When STM32MP15x lines More info.png is configured with CFG_STM32MP_PROFILE=secure_and_system_services, TF-A configuration must reflect that OP-TEE is loaded in and boots from secure SYSRAM instead of external DDR. This requires TF-A to be configured with STM32MP1_OPTEE_IN_SYSRAM=1 (1 means enabled, 0 means disabled) for both T-A BL2 and TF-A FIP image.

2.2. Tuning memory configuration[edit source]

There are few OP-TEE configuration directives that impact the size footprint in internal memory of resident data. The bigger the resident data is, the small the pager page pool will be. When OP-TEE executes in only SYSRAM only, the pager pool size is likely below 128kB and these configuration directives must be tuned with care.

  • CFG_CORE_HEAP_SIZE sets OP-TEE core heap size in byte. 48kByte to 64kByte should be enough.
  • CFG_NUM_THREADS sets the number of thread contexts provisioned in OP-TEE core. Each thread context consumes about 4kB of resident memory. On STM32MP15x lines More info.png with pager enabled, using 3 thread contexts (default value) can be a wise choice.
  • CFG_TEE_CORE_DEBUG enables or not debug mode (assertion and extra checks). These consume a few dozen of kByte of resident memory.

2.3. OP-TEE in SYSRAM and SRAMx[edit source]

STM32MP15x lines More info.png embed internal RAMs (SRAMx) initially intended for the co-processor. It is possible however to secure these SRAMs and assign them to OP-TEE pager to enlarge its pager page pool in order to enhance OP-TEE pager performances.

To assign one or more SRAMx memories to OP-TEE secure firmware, one shall change the OP-TEE DeviceTree file to configure secure access only to these SRAMs and shall change OP-TEE configuration switch CFG_TZSRAM_SIZE according to the desired size secure RAM size.

Because OP-TEE pager requires a physically contiguous page pool memory area, not all combinations of SRAM1/SRAM2/SRAM3/SRAM4 can be assigned to OP-TEE pager. Possible combinations are listed in the table below:

RAMs assigned to OP-TEE Configuration
SYSRAM
+ SRAM1
(384kB secure RAM)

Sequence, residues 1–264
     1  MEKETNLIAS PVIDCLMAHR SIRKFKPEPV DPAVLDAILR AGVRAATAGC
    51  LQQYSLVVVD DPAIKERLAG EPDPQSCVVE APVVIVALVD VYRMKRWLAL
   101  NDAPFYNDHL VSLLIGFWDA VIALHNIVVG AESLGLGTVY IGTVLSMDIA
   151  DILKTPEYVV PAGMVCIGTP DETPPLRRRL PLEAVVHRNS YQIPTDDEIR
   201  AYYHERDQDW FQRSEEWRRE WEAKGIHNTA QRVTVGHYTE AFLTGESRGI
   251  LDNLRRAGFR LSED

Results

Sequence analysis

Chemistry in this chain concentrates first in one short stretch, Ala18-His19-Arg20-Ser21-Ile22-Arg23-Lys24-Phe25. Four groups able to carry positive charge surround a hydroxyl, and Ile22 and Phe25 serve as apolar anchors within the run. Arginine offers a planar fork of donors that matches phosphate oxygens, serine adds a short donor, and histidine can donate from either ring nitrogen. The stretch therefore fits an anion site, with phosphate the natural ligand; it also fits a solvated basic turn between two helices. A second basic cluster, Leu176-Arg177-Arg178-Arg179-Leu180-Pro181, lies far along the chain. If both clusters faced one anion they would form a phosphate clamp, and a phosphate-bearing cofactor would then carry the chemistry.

OP-TEE configuration switch: CFG_TZSRAM_SIZE=0x60000

OP-TEE device tree file update:

 &etzpc {
 	st,decprot = <
 		...
 		DECPROT(STM32MP1_ETZPC_SRAM1_ID, DECPROT_S_RW, DECPROT_LOCK)
 	>;
SYSRAM
+ SRAM1 + SRAM2
(512kB secure RAM)

OP-TEE configuration switch: CFG_TZSRAM_SIZE=0x80000

OP-TEE device tree file update:

 &etzpc {
 	st,decprot = <
 		...
 		DECPROT(STM32MP1_ETZPC_SRAM1_ID, DECPROT_S_RW, DECPROT_LOCK)
 		DECPROT(STM32MP1_ETZPC_SRAM2_ID, DECPROT_S_RW, DECPROT_LOCK)
 	>;
SYSRAM
+ SRAM1 + SRAM2
+ SRAM3
(576kB secure RAM)

OP-TEE configuration switch: CFG_TZSRAM_SIZE=0x90000

OP-TEE device tree file update:

 &etzpc {
 	st,decprot = <
 		...
 		DECPROT(STM32MP1_ETZPC_SRAM1_ID, DECPROT_S_RW, DECPROT_LOCK)
 		DECPROT(STM32MP1_ETZPC_SRAM2_ID, DECPROT_S_RW, DECPROT_LOCK)
 		DECPROT(STM32MP1_ETZPC_SRAM3_ID, DECPROT_S_RW, DECPROT_LOCK)
 	>;
SYSRAM
+ SRAM1 + SRAM2
+ SRAM3 + SRAM4
(640kB secure RAM)

OP-TEE configuration switch: CFG_TZSRAM_SIZE=0xa0000

OP-TEE device tree file update:

 &etzpc {
 	st,decprot = <
 		...
 		DECPROT(STM32MP1_ETZPC_SRAM1_ID, DECPROT_S_RW, DECPROT_LOCK)
 		DECPROT(STM32MP1_ETZPC_SRAM2_ID, DECPROT_S_RW, DECPROT_LOCK)
 		DECPROT(STM32MP1_ETZPC_SRAM3_ID, DECPROT_S_RW, DECPROT_LOCK)
 		DECPROT(STM32MP1_ETZPC_SRAM4_ID, DECPROT_S_RW, DECPROT_LOCK)
 	>;

Note that configuration DECPROT_LOCK can be replaced with DECPROT_UNLOCK if the firewall configuration is not to be locked for some platform reason.

3. References[edit source]